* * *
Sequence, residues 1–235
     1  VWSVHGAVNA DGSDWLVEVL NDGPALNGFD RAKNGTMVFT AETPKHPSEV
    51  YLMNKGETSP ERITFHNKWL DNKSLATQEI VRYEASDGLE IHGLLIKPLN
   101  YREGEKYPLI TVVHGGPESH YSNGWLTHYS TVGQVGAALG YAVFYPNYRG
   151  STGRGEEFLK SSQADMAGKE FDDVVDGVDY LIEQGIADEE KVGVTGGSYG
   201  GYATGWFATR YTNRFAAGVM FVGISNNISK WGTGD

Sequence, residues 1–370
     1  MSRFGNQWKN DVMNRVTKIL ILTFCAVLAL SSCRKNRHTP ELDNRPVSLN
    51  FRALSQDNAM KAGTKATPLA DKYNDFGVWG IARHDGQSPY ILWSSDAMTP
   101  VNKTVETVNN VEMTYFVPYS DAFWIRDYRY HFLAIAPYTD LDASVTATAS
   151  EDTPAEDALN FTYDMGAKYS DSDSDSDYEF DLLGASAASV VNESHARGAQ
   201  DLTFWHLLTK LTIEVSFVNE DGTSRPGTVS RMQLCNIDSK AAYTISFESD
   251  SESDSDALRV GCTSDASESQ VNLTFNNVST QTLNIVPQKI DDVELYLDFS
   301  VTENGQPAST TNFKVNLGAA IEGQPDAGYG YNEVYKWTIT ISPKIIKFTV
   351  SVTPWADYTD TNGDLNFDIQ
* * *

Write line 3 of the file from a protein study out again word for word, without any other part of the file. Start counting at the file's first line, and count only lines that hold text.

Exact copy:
    51  YLMNKGETSP ERITFHNKWL DNKSLATQEI VRYEASDGLE IHGLLIKPLN